Friday, September 9, 2011

Next generation of website traffic analysis

Times change and open source software diversifies even more. It wasn't that long ago when Awstats was the only thing I could imagine using in order to monitor the vital signs of websites. At the present day some content management systems have internal traffic monitoring and some have options in their backends where one can connect to monitoring services like Google Analytics.

Awstats' main view

I liked Awstats in that sense that it didn't require any extra code embedded in the documents it was intended to monitor unless you wanted to gather information like screen resolutions used. It also felt quite futuristic to be able to know geographically the source of traffic with plugins like geoip. Version 1.0 of Awstats  was released in 2000. I started using it around 2002 and to this day it has served it's purpose well. There is however one thing I don't like about it. It's the fact that it always gets hits from accesslog with usually a cron-based data retrieval(yes you can refresh it on the page too, but I don't like that). This might have been okay back in the day when there wasn't anything more sophisticated available, but I like my statistics live, thank you very much.

Piwik visitors overview
Awstats has been around for over ten years now and the amount of code produced by the open source community is surely substantial enough to offer us some decent alternatives by now. As it happens there's one neat application called Piwik. Application like Piwik could not have been possible at the time Awstats was released. Browsers were buggier and things like jQuery(released in 2006) were a distant dream. It must be aknowlidged that there are certain limiting factors in any application that is developed and one great factor is the technology available at the time.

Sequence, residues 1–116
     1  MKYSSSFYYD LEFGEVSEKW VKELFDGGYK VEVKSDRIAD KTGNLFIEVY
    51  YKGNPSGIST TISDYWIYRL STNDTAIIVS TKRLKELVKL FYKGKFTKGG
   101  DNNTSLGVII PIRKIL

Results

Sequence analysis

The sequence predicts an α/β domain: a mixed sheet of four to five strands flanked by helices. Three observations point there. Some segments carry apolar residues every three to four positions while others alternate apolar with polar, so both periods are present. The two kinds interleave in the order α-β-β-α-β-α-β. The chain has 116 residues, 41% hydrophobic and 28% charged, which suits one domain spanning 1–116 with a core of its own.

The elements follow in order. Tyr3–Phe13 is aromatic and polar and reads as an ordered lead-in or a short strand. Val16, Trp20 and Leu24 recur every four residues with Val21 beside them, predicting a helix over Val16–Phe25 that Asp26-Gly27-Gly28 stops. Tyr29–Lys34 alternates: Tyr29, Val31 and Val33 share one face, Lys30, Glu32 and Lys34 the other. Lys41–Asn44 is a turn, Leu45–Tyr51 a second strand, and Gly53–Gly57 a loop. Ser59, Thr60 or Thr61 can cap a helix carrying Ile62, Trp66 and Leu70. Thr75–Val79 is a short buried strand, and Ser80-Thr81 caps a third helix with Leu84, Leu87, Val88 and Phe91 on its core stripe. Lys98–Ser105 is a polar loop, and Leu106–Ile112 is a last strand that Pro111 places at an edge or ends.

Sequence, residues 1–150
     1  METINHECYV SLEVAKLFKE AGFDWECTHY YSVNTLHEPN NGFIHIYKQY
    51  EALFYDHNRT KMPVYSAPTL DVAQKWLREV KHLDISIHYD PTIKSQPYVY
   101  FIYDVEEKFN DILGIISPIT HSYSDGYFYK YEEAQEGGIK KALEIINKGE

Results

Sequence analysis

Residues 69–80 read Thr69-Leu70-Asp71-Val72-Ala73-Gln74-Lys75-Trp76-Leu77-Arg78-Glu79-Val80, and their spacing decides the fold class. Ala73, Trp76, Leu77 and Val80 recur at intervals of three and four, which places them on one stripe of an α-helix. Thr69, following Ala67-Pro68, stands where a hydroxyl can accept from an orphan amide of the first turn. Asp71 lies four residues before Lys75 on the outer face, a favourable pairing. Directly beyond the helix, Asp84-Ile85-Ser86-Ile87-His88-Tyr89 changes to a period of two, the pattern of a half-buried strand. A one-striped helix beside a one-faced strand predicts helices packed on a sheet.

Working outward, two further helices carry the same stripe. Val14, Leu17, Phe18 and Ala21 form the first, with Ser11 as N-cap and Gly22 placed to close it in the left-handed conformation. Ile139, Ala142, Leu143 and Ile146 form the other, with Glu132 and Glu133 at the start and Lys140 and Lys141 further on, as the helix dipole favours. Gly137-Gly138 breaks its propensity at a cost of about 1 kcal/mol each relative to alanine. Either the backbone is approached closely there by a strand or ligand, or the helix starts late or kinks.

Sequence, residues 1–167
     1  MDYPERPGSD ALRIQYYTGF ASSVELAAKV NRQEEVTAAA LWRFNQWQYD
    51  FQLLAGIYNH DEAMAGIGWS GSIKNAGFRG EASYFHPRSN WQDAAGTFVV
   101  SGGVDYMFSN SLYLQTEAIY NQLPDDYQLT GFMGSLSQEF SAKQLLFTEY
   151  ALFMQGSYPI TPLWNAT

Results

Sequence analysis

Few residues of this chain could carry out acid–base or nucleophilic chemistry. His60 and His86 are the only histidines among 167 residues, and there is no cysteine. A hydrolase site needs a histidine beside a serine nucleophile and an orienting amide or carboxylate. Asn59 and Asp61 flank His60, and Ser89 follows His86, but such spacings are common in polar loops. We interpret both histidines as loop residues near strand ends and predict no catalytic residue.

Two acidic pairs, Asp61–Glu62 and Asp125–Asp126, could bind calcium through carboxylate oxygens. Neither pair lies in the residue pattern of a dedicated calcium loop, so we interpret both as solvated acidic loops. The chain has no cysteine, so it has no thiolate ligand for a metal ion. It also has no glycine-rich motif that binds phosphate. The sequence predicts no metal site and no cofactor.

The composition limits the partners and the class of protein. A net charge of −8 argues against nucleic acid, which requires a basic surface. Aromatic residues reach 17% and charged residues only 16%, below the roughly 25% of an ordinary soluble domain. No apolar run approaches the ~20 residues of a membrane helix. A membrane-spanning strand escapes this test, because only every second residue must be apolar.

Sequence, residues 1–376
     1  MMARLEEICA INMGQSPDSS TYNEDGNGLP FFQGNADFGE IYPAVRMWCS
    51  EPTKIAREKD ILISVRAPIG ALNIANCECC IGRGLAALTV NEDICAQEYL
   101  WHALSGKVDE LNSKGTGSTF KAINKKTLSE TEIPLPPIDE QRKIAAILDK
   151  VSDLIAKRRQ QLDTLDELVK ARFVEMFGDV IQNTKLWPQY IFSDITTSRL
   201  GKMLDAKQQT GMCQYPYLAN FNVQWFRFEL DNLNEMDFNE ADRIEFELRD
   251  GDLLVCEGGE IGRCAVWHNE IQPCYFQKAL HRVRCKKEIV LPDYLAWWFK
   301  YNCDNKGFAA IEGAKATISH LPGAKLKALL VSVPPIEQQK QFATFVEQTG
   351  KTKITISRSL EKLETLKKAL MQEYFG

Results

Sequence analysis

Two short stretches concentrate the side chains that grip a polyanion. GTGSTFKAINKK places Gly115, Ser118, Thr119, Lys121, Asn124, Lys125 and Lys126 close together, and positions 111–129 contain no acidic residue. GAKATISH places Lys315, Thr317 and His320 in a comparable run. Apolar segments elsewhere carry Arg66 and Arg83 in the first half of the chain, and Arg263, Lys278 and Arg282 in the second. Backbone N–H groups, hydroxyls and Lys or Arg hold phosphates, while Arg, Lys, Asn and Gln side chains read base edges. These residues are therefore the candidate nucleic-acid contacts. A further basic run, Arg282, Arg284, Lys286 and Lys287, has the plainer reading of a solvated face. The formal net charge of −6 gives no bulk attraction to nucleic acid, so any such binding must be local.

Installing Piwik is breeze. It's like installing any other application that uses Mysql and resides on your server. A hated setting up multiuser environments with Awstats (lots of htaccess-hassle). Piwik has a stylish user interface with a login system that supports multiple users. With Awstats you couldn't really navigate your way through site stats. You had to type in the config parameter in the address bar for other than the default host. At one time I had access logs sent to my imap-box and a custom made script to get them processed by awstats and deleted from my mailbox after success. It wasn't very pleasant. Piwik uses a code snipplet to monitor traffic like Google Analytics does and the results are immediately viewable. For importing logs there is a tool called Apache2Piwik that works well.

Piwik has an API that can be used in various web applications like Joomla, Codeigniter, etc. To understate, the list of software and cms you can integrate with is impressive. I don't think Piwik has mail-monitoring capabilities yet, but I hope it will in the future. Awstats already knows how to go through your mail.log.

Piwik also provides stylish statistics widgets that you can embed like you can do with YouTube videos. I strongly recommend it for anyone who wants to monitor their traffic.

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